I was approached just recently by a company to run a 3-day leadership training program for senior leaders, and they asked me to send them the course outline, objective, and price, etc.
I sent them the proposal, and the following day they wrote back and asked me if I could reduce my fee by 50 percent because they feel that the cost was much more than they were willing to pay.
Now while I understand that everyone is looking for a great deal, wants to negotiate and needs to feel that they are getting a bargain, it did.
But as I thought about how I would respond it occurred to me that they didn’t really understand the full price that they were already paying for poor leadership.
So I decided to reply highlighting three areas where poor leadership is possibly costing the company a fortune.
Staff turnover costs.
There is a lot of research into what the true costs of staff turnover are, and these range from 16% of salary for hourly employees, up 213% for executive leaders. These costs widely vary, and this is because they can include many different components such as recruiting a replacement, disruption, lost productivity, etc., etc.
But even if we go with the lowest figure, 16% of salary is still a significant figure, especially in a tight and competitive market.
Given that the number one reason that people leave companies is that of their direct manager, then that costs is directly attributed to poor leadership. People leave bad bosses not companies.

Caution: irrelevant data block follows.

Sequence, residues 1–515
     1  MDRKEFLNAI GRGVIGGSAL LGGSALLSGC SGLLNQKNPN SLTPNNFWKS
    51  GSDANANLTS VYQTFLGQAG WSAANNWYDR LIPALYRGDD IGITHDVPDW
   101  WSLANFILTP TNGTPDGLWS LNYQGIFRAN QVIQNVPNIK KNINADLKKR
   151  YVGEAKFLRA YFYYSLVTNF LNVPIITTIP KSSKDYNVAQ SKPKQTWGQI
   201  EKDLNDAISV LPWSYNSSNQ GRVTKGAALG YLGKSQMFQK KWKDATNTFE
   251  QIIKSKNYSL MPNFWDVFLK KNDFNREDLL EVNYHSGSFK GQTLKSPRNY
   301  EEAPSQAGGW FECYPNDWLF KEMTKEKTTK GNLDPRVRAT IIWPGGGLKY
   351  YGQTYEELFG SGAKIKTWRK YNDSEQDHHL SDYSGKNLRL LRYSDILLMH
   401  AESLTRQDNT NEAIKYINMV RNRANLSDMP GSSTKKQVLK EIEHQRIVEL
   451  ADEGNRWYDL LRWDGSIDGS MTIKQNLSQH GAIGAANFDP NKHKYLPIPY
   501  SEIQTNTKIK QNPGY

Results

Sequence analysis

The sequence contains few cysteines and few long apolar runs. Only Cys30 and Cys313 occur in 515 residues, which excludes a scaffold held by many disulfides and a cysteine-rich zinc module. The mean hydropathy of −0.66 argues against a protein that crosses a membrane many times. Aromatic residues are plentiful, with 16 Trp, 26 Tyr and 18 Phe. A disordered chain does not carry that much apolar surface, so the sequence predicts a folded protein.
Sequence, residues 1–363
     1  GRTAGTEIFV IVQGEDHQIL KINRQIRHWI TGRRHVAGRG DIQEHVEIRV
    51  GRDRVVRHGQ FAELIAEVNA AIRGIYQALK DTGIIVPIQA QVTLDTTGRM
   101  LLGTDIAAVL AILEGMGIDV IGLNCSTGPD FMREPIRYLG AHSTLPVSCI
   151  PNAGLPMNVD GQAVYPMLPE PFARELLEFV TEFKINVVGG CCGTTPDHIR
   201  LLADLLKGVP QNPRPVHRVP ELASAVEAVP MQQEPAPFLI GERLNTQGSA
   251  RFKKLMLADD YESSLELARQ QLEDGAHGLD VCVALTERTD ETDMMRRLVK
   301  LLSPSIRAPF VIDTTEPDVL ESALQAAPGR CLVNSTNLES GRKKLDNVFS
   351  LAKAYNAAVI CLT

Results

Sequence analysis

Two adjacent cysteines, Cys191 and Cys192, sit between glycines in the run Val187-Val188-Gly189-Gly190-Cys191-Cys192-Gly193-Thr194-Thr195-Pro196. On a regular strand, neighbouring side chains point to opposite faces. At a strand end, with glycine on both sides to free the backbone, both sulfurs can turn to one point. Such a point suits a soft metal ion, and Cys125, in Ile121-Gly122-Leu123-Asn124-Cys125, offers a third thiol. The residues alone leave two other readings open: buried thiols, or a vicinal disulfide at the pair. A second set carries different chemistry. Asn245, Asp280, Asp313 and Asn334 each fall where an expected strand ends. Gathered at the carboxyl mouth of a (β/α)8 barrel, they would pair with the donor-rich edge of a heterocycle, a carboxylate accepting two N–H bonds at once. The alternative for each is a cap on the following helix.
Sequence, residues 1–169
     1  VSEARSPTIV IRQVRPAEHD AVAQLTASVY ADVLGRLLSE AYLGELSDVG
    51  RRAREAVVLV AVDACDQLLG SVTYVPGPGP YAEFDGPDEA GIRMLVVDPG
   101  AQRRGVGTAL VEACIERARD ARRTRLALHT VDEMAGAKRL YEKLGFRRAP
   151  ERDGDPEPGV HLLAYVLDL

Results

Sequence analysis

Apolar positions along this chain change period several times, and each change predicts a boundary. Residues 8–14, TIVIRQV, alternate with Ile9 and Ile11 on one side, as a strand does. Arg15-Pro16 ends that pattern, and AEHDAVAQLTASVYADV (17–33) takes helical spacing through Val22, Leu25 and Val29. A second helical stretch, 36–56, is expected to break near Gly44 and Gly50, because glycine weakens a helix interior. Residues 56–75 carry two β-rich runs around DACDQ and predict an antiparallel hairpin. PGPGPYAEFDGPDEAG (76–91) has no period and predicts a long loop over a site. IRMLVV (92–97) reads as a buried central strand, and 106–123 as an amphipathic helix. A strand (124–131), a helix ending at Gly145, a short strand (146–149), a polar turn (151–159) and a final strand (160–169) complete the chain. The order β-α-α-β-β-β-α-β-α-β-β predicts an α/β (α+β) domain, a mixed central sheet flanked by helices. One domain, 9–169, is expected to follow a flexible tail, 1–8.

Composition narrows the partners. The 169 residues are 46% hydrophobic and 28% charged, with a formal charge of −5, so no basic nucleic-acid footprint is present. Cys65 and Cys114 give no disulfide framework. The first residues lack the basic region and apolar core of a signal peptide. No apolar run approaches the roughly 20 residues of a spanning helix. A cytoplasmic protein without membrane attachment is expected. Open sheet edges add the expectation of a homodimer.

Studies have repeatedly shown that the majority of staff are disengaged, and in the US that figure is regularly around 30% with associated costs of around $450-550billon per year.
Employee engagement should be management’s number one job, and we constantly here that our people are our most important assets, and yet these figures show that while it might be believed that idea is not fully implemented or optimized.
Better leadership leads to better engagement, happier and more productive staff, and more satisfied customers.
The cost of failure.
When you look at the statistics for failure the numbers are staggering, IBM Research shows that 60% of IT Projects fail, according to Bloomberg’s 80% of first-time business go bust in the first 18 months, and Forbes will tell you that 95% of product launches fail.
It’s the costs here which are the most significant and impactful, and while there can be many reasons as to why things fail, good leadership can prevent or avoid many of them, and actually deliver the desired results and associated benefits.
Needless to say, I didn’t offer them the 50% discount, and as I looked at the cost of poor leadership, it occurred to me that I might not be charging enough!Report this